Former rugby player Israel Folau has doubled down on his comments linking the bushfire crisis to same-sex marriage and abortion, telling churchgoers to “preach the truth without fear”.

In a fifteen-minute sermon at the Truth of Jesus Christ Church in Sydney on Sunday, Folau warned we are living in “perilous times” and urged his congregation to “go and do the work that [God] has called you to do”.

“We must have the spirit within us to be able to stand up and preach the truth without fear,” Folau said.

“Every single day we must continue to rely on what God says, and what his word is. Because that’s final, that’s authority, and that’s what gives us the power to be able to go forth and do what he asks us to do.

“The walk is challenging, as we can all see … As it says in [the First Epistle of Paul to] Timothy, ‘perilous times shall come’, and we are in those perilous times.

“At some stage your faith is going to be tested. Your faith is going to be tested whether at work or at school. You might not think it’s going to be tested, but it will at some stage.”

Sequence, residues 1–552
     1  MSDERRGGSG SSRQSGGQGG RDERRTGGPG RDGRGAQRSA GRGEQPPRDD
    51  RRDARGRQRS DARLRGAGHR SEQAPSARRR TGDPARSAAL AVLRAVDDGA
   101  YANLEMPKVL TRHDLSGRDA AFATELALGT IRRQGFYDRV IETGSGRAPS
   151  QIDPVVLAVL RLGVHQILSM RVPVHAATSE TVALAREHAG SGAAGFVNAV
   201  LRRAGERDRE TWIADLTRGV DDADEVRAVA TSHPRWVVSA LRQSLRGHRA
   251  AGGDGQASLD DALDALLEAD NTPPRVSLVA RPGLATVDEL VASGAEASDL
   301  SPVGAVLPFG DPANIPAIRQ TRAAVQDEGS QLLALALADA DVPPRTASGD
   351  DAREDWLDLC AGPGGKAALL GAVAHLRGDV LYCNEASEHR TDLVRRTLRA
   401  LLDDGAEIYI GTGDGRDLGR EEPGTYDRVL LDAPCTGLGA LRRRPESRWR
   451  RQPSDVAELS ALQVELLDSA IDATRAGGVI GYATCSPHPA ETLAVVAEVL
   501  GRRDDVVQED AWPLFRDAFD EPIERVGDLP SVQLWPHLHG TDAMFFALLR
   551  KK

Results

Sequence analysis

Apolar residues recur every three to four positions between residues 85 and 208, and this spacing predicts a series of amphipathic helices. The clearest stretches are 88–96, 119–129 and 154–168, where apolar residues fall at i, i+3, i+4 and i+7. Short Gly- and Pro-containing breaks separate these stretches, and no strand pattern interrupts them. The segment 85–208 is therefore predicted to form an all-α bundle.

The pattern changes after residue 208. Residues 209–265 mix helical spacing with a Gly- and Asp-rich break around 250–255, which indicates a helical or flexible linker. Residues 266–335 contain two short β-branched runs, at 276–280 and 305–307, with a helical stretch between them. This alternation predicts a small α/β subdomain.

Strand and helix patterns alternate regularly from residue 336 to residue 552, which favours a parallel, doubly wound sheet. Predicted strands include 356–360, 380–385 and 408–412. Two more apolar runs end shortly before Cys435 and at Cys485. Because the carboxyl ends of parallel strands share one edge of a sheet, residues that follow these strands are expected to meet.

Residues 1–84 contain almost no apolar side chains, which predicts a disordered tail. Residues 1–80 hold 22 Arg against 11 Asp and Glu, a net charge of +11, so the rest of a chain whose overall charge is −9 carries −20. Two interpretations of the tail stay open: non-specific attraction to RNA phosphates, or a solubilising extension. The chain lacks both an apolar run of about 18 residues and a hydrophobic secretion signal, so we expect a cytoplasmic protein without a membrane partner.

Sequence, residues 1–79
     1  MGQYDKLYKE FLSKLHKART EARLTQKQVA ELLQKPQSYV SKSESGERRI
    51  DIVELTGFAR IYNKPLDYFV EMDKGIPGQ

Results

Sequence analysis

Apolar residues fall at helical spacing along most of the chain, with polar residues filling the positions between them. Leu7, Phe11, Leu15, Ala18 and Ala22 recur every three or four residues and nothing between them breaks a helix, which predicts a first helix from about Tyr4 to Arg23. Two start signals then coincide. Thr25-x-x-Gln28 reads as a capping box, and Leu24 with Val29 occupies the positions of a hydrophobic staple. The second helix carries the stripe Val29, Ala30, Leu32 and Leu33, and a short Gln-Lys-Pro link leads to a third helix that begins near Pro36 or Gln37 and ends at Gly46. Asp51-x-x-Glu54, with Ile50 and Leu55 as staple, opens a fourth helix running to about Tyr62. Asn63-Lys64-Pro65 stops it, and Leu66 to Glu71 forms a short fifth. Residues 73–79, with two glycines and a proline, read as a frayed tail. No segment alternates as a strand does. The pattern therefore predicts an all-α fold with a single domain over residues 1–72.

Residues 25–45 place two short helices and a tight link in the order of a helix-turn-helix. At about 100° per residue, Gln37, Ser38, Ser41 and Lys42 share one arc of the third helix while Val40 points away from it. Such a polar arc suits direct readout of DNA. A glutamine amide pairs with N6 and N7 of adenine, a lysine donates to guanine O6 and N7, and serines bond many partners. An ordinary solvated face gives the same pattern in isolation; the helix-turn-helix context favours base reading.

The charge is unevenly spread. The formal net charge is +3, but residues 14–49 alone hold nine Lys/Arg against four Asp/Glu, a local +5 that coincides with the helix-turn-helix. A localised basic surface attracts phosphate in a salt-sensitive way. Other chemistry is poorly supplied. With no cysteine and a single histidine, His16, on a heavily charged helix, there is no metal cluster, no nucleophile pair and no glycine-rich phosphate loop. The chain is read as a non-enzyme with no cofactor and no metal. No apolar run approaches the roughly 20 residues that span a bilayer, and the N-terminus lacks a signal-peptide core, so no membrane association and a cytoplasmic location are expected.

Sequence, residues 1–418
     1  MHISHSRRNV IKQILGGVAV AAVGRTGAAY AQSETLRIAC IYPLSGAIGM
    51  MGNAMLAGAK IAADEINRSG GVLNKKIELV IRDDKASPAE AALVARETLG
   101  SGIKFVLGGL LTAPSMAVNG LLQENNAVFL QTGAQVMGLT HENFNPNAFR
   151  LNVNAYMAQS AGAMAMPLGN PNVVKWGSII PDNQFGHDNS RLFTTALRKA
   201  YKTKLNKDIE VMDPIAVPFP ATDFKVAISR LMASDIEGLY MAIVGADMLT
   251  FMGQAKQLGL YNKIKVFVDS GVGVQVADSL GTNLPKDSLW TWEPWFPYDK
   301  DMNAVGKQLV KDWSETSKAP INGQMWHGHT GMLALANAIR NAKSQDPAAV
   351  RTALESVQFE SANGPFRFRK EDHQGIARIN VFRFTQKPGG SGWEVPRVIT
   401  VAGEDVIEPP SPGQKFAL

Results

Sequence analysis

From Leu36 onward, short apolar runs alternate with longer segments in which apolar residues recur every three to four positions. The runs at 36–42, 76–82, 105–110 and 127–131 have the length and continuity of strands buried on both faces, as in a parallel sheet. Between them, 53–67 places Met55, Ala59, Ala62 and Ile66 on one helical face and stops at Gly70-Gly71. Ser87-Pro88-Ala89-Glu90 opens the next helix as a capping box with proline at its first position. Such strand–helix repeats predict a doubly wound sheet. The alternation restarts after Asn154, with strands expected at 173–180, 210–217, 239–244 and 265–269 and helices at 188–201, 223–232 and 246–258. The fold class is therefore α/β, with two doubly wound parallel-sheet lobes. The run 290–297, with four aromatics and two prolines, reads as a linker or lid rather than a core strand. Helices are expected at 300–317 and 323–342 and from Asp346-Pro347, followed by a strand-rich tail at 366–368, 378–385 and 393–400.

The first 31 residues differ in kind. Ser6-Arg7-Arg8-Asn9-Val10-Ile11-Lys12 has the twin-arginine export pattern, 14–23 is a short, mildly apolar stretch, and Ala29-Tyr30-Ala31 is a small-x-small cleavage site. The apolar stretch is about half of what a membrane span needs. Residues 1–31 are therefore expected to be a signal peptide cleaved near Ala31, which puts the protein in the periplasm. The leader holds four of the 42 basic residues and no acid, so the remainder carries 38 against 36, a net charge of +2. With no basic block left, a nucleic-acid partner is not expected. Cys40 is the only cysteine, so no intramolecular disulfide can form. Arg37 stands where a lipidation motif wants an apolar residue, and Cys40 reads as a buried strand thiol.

Folau was sacked by Rugby Australia in April for posting homophobic and transphobic comments on social media. He launched legal action in June, claiming he had experienced religious discrimination, and raised over $2 million to fund his legal battle.

Last week, Prime Minister Scott Morrison slammed Folau’s comments as “appallingly insensitive” and told him to “keep it to yourself”.

“He’s a free citizen, he can say whatever he likes, but that doesn’t mean he can’t have regard to the grievous offence this would have caused to people whose homes have been burnt down,” Morrison said.

Opposition Leader Albanese said Folau was “entitled to his view” but called the comments “pretty reprehensible”.

“It would be good if people thought before they spoke. These comments certainly won’t bring anything positive or constructive to the debate,” Albanese said, adding that anyone with “a bit of common sense” should “reject those comments”.

Last week, a vegan restaurant in Auckland where Folau and his wife dined announced it had donated his bill to an LGBTQ group, Rainbow Youth.

“Rainbow Youth donation from Israel Folau … Seems strange doesn’t it?” Gorilla Kitchen wrote on Facebook.

“We don’t turn anyone away at Gorilla Kitchen, because we love everyone, not just animals. So when Israel and Maria came in again a couple weeks ago, we happily served them.

“What they didn’t realise was their money spent at Gorilla Kitchen was going to be donated to Rainbow Youth, an organisation that embraces diversity and offers support for our young and vulnerable rainbow community.”


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